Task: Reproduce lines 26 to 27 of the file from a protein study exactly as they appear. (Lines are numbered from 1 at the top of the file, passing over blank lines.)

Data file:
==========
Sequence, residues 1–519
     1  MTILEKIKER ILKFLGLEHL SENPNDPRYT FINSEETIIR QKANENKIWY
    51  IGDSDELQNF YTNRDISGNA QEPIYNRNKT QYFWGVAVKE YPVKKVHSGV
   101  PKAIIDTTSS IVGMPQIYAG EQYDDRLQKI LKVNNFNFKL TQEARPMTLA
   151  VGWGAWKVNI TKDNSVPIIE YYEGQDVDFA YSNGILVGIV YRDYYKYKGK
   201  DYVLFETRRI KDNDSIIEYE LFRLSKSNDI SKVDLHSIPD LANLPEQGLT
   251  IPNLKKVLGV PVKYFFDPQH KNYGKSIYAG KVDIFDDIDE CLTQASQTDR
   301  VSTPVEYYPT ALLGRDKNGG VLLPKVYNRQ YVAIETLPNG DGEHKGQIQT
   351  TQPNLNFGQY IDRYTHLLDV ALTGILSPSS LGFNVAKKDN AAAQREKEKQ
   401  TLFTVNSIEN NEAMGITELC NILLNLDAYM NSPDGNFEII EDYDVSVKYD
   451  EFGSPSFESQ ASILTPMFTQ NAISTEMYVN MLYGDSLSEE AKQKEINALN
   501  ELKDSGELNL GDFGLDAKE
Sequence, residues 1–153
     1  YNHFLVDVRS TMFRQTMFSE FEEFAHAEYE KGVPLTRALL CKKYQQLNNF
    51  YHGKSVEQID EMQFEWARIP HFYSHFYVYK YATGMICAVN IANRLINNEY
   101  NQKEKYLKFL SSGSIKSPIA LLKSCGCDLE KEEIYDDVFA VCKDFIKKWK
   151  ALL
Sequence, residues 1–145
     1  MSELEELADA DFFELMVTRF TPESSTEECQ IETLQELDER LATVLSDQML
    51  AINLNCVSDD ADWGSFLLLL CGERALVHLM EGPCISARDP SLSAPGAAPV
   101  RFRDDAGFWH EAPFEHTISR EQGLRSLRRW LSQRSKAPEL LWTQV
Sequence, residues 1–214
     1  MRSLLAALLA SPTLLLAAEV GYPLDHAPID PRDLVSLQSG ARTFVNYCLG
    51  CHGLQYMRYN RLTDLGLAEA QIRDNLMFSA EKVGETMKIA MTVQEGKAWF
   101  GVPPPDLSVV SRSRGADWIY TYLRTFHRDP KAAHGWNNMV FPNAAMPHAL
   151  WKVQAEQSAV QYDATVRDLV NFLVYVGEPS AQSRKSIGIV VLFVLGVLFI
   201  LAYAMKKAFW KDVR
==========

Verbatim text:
   151  WKVQAEQSAV QYDATVRDLV NFLVYVGEPS AQSRKSIGIV VLFVLGVLFI
   201  LAYAMKKAFW KDVR